Posts Tagged ‘cost of good sold’

Gross Profit, Profit Margin & Markup, OH MY!

April 27th, 2015

Gross Profit, Margin & Markup

The terms Profit Margin and Markup are often used interchangeably to mean Gross Profit Margin, but they are not the same. A clear understanding and application of these concepts and calculations can provide the information you need to better impact your bottom line.

First of all, a very valuable calculation you’ll want to perform for understanding your business is Gross Profit, and then, the tool that you use to maintain gross profit, called Markup.

The gross profit on a product is:

Sales – Cost of Goods Sold = Gross Profit

To understand gross profit, it is important to know the difference between the expenses we call Cost of Goods Sold and the expenses we call Operational Costs.

Cost of Goods Sold are those expenses that are incurred as a direct result of producing the product. They tend to be variable costs such as:

  • Materials used
  • Labor directly involved in production
  • Sales commissions
  • Packaging
  • Freight
  • Utilities, or power costs, for production equipment and or facilities
  • Depreciation expense on production equipment
  • Machinery

Operational Costs are the more fixed costs such as:

  • Rent
  • Insurance
  • Professional fees
  • Office expenses such as supplies, utilities, a telephone for the office, etc.
  • Salaries and wages of office staff, salespeople, officers and owners
  • Payroll taxes and employee benefits
  • Advertising, promotion and other sales expenses
  • Auto expenses

While the gross profit is a dollar amount, the gross profit margin is expressed as a percentage (Gross Profit as a percent of Sales). It’s very important to track since this allows you to keep an eye on profitability trends. This is critical, because a business can get into financial trouble with an increasing gross profit that coincides with a decreasing gross profit margin.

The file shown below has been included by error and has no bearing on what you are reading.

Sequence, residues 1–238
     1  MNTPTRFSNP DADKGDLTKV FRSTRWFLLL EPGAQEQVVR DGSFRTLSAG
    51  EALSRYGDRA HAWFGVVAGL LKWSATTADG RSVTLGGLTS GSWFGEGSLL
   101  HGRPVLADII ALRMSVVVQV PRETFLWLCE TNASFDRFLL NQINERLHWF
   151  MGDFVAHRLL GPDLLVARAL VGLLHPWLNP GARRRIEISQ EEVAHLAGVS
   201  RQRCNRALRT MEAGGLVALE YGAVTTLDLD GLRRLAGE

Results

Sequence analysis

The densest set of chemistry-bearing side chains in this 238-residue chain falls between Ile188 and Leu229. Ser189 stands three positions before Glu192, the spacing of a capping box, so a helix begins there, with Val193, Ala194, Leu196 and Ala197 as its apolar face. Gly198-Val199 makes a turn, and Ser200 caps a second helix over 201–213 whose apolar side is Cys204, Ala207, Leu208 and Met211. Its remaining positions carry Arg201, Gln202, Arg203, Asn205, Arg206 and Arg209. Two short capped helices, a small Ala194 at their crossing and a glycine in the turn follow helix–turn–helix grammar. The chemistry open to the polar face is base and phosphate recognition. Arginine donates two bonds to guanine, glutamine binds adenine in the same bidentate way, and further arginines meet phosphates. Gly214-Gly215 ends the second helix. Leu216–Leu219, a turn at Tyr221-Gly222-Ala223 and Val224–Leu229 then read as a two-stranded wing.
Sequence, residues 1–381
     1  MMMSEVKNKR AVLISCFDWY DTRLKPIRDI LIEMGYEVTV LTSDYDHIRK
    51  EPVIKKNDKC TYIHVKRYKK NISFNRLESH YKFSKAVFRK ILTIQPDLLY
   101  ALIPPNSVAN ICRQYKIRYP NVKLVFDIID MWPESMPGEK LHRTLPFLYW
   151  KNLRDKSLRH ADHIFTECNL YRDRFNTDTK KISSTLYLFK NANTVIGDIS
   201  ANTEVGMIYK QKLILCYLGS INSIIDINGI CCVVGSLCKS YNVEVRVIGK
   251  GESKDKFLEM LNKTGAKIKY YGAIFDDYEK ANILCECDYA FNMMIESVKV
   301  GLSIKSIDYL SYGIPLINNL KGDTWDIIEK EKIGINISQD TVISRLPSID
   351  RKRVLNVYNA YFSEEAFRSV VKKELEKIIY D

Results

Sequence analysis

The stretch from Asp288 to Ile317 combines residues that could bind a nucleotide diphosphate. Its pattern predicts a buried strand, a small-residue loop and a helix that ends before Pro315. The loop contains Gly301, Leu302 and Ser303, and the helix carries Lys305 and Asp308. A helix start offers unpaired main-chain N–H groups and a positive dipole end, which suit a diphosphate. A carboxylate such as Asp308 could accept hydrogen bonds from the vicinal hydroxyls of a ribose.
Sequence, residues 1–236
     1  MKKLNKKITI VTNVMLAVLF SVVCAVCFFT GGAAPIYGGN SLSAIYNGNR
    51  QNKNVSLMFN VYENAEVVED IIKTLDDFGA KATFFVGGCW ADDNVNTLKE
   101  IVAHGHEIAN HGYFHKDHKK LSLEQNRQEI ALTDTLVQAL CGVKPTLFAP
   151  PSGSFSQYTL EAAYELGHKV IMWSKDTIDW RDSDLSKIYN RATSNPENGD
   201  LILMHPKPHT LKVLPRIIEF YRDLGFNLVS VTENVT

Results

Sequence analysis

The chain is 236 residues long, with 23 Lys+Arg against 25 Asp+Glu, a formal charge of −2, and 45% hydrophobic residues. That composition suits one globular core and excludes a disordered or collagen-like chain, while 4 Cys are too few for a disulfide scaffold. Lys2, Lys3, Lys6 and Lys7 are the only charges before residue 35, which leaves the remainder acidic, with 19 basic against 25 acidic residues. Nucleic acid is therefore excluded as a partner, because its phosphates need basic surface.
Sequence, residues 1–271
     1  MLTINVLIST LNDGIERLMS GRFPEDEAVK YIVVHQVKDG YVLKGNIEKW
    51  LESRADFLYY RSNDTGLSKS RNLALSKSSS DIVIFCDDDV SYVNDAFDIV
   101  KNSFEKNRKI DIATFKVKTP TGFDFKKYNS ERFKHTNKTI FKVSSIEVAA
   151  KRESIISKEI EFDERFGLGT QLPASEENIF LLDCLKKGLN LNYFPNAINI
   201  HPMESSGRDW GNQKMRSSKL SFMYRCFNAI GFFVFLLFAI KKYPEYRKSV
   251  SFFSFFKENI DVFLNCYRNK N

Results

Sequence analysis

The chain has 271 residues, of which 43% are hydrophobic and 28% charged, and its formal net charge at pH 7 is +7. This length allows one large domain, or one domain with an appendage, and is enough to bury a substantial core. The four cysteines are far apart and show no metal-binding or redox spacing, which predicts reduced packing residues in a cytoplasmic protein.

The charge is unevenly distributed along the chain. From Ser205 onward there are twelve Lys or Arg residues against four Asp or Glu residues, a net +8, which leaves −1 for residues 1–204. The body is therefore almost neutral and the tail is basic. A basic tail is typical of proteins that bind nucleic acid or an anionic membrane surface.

The gross profit margin is computed as follows:

Gross Profit / Sales = Gross Profit Margin

There are two key ways for you to improve your gross margin. You can either increase your prices, or you can decrease the costs to produce your goods. Or both, if you can.

An increase in prices can cause sales to drop. If sales drop too far, you may not generate enough gross profit to cover operating expenses. Price increases require a very careful reading of inflationary rates, competitive factors, and basic supply and demand for the product you are producing.

The second method of increasing gross profit margin is to lower the variable costs to produce your product. This can be accomplished by decreasing material costs, or making the product more efficiently.

Volume discounts are a good way to reduce material costs. The more material you buy from a supplier, the more likely they are to offer you discounts.

Another way to reduce material costs is to find a less costly supplier. However, you might sacrifice quality if the goods purchased are not made as well.

Whether you are starting a manufacturing, wholesale, retail or service business, you should always be on the lookout for ways to deliver your product or service more efficiently.

And all the while, you also must balance efficiency and quality issues to ensure that they do not get out of balance.